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Fryday March 11th. 1747/8. Began my Journey in Company with George Fairfax Esqr.; we travell’d this day 40 Miles to Mr. George Neavels in Prince William County. The two dates used by GW are explained by the difference between New Style and Old Style dating. Until 1752 England, Ireland, and the colonies followed the Julian Calendar (Old Style). Under England’s interpretation of the Julian...
2[Diary entry: 11 March 1748] (Washington Papers)
Fryday March 11th. 1747/8. Began my Journey in Company with George Fairfax Esqr.; we travell’d this day 40 Miles to Mr. George Neavels in Prince William County. The two dates used by GW are explained by the difference between New Style and Old Style dating. Until 1752 England, Ireland, and the colonies followed the Julian Calendar (Old Style). Under England’s interpretation of the Julian...
3[Diary entry: 12 March 1748] (Washington Papers)
Saturday March 12th. This Morning Mr. James Genn the surveyor came to us. We travel’d over the Blue Ridge to Capt. Ashbys on Shannondoa River. Nothing remarkable happen’d. John Ashby (1707– 1797 1789 ) was a member of a prominent frontier family. His father, Thomas Ashby, had settled in Stafford County in 1710 and moved to what is now Fauquier County before 1748. In 1741 John Ashby married...
4[Diary entry: 13 March 1748] (Washington Papers)
Sunday March 13. Rode to his Lordships Quarter about 4 Miles higher up the River we went through most beautiful Groves of Sugar Trees & spent the best part of the Day in admiring the Trees & richness of the Land. It has usually been suggested that the party proceeded on 13 Mar. to Fairfax’s land across the Shenandoah—the area known as Greenway Court ( FREEMAN Douglas Southall Freeman. George...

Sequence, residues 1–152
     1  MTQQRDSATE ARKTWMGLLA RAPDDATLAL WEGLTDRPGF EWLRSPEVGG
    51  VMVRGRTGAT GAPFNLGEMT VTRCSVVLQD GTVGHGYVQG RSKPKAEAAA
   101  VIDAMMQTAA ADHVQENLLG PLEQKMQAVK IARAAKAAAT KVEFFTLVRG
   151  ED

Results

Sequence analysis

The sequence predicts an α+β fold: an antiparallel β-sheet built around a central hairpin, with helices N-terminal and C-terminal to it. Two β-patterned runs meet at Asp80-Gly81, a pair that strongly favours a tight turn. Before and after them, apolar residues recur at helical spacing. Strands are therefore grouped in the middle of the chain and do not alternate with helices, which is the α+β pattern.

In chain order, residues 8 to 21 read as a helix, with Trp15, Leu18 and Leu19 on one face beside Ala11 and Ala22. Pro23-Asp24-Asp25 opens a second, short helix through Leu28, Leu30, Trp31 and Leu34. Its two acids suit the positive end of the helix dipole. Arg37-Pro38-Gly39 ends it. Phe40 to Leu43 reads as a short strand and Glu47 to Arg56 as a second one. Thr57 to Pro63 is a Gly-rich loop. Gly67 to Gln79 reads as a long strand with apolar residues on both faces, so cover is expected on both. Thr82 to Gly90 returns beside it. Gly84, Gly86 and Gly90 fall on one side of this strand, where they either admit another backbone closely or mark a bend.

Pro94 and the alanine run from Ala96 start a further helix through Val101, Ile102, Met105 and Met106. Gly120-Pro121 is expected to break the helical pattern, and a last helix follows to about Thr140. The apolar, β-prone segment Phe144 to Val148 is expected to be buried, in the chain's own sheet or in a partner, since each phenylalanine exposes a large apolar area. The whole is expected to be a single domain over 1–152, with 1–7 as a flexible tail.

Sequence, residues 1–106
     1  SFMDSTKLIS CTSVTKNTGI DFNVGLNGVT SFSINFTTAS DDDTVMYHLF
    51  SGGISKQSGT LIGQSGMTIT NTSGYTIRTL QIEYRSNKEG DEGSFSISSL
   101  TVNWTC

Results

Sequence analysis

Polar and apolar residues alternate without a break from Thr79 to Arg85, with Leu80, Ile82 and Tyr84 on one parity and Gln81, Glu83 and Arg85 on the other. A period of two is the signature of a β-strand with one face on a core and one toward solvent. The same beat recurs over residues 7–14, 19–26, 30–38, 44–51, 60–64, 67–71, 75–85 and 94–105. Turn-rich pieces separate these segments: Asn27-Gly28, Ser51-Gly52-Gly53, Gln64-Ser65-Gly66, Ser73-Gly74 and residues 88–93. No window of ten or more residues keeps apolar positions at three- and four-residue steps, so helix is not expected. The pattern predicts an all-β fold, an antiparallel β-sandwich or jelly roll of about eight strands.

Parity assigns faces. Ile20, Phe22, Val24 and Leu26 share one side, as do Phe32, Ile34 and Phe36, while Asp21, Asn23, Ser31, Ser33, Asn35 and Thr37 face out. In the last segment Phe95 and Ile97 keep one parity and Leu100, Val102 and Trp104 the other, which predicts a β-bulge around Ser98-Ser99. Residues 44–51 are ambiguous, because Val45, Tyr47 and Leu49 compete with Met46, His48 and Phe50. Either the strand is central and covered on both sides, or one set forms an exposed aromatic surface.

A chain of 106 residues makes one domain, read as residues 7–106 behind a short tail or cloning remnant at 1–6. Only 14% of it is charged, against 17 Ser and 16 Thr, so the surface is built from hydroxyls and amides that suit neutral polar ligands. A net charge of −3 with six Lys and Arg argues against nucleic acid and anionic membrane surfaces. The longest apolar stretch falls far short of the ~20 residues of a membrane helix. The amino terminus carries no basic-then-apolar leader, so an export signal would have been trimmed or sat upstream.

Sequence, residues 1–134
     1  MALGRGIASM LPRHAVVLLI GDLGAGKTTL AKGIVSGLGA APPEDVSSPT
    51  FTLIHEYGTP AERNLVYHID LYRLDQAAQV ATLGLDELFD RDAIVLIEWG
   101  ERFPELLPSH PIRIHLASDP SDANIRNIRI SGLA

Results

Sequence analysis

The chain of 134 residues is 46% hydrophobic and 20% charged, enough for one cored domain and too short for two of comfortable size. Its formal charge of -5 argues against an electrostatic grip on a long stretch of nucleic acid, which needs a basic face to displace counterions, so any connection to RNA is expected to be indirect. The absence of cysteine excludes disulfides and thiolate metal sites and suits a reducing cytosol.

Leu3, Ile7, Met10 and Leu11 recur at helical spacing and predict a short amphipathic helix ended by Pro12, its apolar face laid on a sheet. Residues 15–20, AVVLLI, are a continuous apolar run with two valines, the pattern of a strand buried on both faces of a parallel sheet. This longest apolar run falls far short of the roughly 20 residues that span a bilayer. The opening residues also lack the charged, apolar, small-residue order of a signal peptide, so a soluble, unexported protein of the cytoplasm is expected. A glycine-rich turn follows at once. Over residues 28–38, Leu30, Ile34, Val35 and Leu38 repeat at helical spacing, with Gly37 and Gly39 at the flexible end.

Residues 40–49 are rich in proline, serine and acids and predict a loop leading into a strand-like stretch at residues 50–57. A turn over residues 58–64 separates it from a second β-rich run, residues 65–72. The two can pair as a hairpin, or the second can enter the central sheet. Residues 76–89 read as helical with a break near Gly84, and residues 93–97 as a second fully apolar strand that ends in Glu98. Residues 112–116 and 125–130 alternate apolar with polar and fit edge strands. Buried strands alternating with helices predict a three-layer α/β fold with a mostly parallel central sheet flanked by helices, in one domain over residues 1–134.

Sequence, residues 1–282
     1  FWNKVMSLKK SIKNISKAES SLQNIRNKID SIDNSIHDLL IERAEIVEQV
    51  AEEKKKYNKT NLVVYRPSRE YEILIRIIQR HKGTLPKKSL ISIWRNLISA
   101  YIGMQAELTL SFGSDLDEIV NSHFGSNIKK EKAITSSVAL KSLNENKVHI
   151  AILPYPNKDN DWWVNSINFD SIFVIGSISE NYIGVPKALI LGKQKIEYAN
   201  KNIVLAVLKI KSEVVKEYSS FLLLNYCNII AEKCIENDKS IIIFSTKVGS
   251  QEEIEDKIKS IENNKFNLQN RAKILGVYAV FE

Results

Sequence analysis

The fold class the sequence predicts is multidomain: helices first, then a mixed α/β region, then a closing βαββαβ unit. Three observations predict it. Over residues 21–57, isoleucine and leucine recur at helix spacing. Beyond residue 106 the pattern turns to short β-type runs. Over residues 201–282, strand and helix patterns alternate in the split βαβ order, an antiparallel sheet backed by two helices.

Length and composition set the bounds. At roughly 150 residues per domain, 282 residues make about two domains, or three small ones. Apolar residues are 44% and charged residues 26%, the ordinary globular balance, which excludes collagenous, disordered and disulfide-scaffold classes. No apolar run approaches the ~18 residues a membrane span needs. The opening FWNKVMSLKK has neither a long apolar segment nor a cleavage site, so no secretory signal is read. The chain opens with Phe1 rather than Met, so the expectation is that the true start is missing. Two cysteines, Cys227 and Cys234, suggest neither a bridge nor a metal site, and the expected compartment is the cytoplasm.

5[Diary entry: 14 March 1748] (Washington Papers)
Monday 14th. We sent our Baggage to Capt. Hites (near Frederick Town) went ourselves down the River about 16 Miles to Capt. Isaac Penningtons (the Land exceeding Rich & Fertile all the way produces abundance of Grain Hemp Tobacco &c.) in order to Lay of some Lands on Cates Marsh & Long Marsh. Jost Hite (d. 1760) was born in Strasbourg, Alsace, and emigrated to America about 1710, settling...
6[Diary entry: 15 March 1748] (Washington Papers)
Tuesday 15th. We set out early with Intent to Run round the sd. Land but being taken in a Rain & it Increasing very fast obliged us to return. It clearing about one oClock & our time being too Precious to Loose we a second time ventured out & Worked hard till Night & then returnd to Penningtons we got our Suppers & was Lighted in to a Room & I not being so good a Woodsman as the rest of my...
7[Diary entry: 16 March 1748] (Washington Papers)
Wednesday 16th. We set out early & finish’d about one oClock & then Travell’d up to Frederick Town where our Baggage came to us. We cleaned ourselves (to get Rid of the Game we had catched the Night before) & took a Review of the Town & then return’d to our Lodgings where we had a good Dinner prepar’d for us Wine & Rum Punch in Plenty & a good Feather Bed with clean Sheets which was a very...
8[Diary entry: 17 March 1748] (Washington Papers)
Thursday 17th. Rain’d till Ten oClock & then clearing we reached as far as Major Campbells one of there Burgesses about 25 Miles from Town. Nothing Remarkable this day nor Night but that we had a Tolerable good Bed [to] lay on. Andrew Campbell, who lived northwest of Winchester, was one of Frederick County’s most prominent residents. He served as one of the county’s first justices, as a member...
9[Diary entry: 18 March 1748] (Washington Papers)
Fryday 18th. We Travell’d up about 35 Miles to Thomas Barwicks on Potomack where we found the River so excessively high by Reason of the Great Rains that had fallen up about the Allegany Mountains as they told us which was then bringing down the melted Snow & that it would not be fordable for severall Days it was then above Six foot Higher than usual & was Rising. We agreed to stay till...
10[Diary entry: 20 March 1748] (Washington Papers)
Sunday 20th. Finding the River not much abated we in the Evening Swam our horses over & carried them to Charles Polks in Maryland for Pasturage till the next Morning. Charles Polk had land under cultivation in the area as early as 1748 ( NORRIS [1] J. E. Norris, ed. History of the Lower Shenandoah Valley . 1890. Reprint. Berryville, Va., 1972. , 68).